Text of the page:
Meet Loic, Datavillage's Principal Data Scientist

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Datavillage Aug 06, 2021
Loic Datavillage Data Scientist

Can you please introduce yourself and tell us more about your background ?

My name is Loïc Quertenmont and I have a doctorate in high energy physics. I started my career as a research physicist analyzing the 50Pb of data produced yearly by the CERN LHC in view of finding evidence of new physics. Among other things I had the privilege to be involved in the discovery of a new particle: the Higgs Boson. I am now exploiting my 15 years of expertise in data analysis and software development to help companies maximize the insights of their data. So far, I was involved in projects related to customer analytics, geo-spatial, food, retail and utility sectors.

What is your role at Datavillage ?

My role, as principal data scientist at Datavillage, is to develop processes and algorithms that combine the vision of datavillage for data privacy and control with the business needs of the clients and prospects. Adding data privacy and control into the equation often requires rethinking how typical machine learning algorithms are built to avoid accessing or leaking user data. Another important part of the role consists in the enrichment of the user's personal data with external (open) data sources which help to get the full picture. This is extremely exciting because datavillage is really a pioneer on all these aspects !

Give us your predictions, what do you think technology will be in the next 10 years and what are the challenges of today ?

I believe that the decentralization of data will carry on and will soon be joined by the decentralization of computing power. Today, the majority of the computing resources are already in the cloud but are still owned by only a small group of actors (GAFA and more). I expect that more specialized actors come into play and that interaction between all these actors will be unavoidable. The major difficulties I see with this evolution is about data sharing, standardisation, persistence, privacy, permissions, etc. We need to think today how to technically gear up all these actors together and more importantly how to let the user decide for himself how his data could be used and enriched, for what purpose and by whom.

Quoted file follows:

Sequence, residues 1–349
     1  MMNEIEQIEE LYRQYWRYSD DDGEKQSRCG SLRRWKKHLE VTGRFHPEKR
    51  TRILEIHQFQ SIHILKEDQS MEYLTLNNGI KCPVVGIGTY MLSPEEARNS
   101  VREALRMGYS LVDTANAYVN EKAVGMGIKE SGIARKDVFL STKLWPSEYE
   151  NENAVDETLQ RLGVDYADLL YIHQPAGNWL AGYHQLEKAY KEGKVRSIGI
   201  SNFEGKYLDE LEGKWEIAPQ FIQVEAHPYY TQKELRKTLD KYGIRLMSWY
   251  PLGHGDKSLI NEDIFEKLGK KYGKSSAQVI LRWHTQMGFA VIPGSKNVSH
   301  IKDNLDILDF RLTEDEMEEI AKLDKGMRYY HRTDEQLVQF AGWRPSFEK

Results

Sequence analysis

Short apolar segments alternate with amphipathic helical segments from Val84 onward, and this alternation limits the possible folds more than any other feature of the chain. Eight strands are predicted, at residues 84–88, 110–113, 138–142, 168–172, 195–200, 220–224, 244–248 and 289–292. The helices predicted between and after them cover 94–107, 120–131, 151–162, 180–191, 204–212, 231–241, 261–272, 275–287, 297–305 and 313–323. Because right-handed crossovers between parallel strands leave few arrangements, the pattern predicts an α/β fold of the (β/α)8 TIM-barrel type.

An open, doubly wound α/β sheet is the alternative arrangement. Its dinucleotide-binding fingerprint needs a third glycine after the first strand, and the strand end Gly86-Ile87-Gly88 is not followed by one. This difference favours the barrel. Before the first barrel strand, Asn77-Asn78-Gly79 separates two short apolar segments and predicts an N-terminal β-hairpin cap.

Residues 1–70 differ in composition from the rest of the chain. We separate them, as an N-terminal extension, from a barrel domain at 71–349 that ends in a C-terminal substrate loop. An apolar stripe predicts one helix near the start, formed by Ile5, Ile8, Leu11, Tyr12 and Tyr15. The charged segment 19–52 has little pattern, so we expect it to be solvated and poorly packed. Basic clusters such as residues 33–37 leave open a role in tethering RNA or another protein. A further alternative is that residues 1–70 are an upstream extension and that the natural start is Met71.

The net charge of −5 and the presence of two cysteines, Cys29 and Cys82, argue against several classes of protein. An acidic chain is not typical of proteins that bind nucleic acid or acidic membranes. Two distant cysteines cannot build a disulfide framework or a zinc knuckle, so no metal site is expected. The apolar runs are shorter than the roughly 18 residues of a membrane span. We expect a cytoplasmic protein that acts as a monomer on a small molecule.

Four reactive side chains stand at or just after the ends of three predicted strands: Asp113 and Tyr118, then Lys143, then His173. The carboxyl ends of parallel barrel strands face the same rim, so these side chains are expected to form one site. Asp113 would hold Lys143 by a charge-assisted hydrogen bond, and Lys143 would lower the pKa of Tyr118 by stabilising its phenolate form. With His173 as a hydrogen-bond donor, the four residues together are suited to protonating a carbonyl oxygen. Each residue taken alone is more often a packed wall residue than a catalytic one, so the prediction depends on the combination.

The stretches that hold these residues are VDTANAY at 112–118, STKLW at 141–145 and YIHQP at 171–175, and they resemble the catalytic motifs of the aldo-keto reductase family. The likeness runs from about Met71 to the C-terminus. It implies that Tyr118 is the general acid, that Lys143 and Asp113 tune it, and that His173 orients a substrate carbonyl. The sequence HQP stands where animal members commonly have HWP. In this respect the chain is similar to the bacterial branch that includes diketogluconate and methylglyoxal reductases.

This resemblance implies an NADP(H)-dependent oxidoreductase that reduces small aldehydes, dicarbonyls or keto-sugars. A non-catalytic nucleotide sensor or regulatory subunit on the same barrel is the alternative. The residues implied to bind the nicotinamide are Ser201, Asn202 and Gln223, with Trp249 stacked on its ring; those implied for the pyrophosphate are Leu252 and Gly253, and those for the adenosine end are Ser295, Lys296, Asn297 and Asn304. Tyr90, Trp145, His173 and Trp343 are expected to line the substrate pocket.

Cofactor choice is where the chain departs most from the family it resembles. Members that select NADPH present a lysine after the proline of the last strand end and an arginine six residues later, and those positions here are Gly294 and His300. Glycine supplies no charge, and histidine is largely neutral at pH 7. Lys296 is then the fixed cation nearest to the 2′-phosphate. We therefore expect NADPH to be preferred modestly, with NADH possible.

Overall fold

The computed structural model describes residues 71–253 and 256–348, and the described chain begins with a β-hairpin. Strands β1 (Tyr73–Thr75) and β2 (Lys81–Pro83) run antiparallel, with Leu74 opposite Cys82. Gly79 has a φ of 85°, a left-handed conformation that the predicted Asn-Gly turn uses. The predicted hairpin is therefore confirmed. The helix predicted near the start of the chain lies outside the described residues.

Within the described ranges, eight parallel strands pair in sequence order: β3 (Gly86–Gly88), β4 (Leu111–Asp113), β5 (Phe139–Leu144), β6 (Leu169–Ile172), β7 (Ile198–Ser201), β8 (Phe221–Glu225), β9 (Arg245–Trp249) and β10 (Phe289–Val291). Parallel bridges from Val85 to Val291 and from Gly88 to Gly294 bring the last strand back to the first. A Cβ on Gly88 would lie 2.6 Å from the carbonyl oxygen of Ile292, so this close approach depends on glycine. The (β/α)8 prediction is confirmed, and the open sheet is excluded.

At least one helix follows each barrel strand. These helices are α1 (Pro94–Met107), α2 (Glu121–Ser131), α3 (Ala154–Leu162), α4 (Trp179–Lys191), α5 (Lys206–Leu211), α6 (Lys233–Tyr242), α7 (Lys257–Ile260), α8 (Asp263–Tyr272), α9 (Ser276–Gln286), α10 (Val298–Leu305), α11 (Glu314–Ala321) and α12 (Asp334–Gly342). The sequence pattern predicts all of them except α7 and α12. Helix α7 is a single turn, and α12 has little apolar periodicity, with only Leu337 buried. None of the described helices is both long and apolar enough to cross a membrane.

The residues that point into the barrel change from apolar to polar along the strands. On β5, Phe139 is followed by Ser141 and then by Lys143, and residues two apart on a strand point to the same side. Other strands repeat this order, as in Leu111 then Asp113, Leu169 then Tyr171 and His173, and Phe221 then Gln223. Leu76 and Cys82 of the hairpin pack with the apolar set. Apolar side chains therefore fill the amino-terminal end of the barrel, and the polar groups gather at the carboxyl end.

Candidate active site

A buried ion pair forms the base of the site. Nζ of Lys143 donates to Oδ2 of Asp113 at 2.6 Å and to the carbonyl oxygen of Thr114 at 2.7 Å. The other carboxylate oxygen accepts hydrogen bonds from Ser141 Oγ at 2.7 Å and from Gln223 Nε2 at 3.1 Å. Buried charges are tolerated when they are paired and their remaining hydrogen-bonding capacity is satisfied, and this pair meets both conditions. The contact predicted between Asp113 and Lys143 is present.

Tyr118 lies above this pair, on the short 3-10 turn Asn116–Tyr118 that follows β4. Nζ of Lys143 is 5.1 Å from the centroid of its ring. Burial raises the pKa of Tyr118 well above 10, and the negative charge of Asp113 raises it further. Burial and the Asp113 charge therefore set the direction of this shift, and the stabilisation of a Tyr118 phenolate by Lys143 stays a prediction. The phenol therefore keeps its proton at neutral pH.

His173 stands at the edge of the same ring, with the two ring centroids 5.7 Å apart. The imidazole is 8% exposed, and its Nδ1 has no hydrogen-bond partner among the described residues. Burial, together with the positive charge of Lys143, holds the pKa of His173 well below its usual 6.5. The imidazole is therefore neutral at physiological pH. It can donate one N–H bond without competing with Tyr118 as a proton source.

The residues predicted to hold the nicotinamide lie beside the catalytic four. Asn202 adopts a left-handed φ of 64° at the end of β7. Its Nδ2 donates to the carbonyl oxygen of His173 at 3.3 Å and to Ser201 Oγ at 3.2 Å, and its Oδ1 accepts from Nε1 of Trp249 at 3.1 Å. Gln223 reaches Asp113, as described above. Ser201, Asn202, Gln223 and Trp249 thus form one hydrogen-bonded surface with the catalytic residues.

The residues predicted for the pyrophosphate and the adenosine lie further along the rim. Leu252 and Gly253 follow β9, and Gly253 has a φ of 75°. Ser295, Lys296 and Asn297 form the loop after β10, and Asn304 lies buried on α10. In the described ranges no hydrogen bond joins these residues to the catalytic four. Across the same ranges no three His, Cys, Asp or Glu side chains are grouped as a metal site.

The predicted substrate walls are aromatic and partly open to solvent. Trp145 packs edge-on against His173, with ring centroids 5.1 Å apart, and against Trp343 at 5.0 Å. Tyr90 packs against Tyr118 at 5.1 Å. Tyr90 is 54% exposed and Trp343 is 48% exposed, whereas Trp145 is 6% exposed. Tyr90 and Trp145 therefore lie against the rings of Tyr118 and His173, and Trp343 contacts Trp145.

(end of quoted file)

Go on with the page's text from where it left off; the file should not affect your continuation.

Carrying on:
From the data science point of view, one of the main difficult with this paradigm shift is that no actor will ever have access to the full data picture of a user, so we need to figure out the best strategy to “enrich” the user data with external sources in order to recover and even extend AI capabilities of today’s algorithm while preserving data privacy.

Why have you chosen to work with Datavillage ?

Datavillage is trying to answer these complex questions. They are not the only ones, but they have a pragmatic approach that improves user data privacy and most importantly as of today they are already creating value to both their users and their customers (service providers) thanks to this shift of paradigm. I like this strategy and I’m glad to be part of the adventure.

According to you, what is the number one challenge of digitized organizations today ?

The main concern today is that they are two kinds of “digital” companies. The GAFA’s and other major digital actors are massively centralizing user data and do all their best to keep them and restrict access to those data to other actors. Their main business is the data itself and they are offering other services mostly to accumulate more and more data. The other companies are experts in their domain and most of the time have very little knowledge and experience about data utilization. They realize that data and more generally digitization are necessary to provide better services to their customers but they don’t really know how and where to start the journey. It is even more difficult as the major data companies (and sometimes regulation) make their road even more complex.
The situation is a bit similar to what happened a decade ago between closed source software (mostly owned by a few leading companies) and the open source software community. Nowadays, an open source equivalent of almost all tools is available and many people are relying on it. Even the major software companies release most of their tools freely. The open data is on its way but still has a lot of open questions regarding “personal” data. I believe the “open algorithm” or “open processing” will come soon and help small actors of the digital world to compete with today’s majors.

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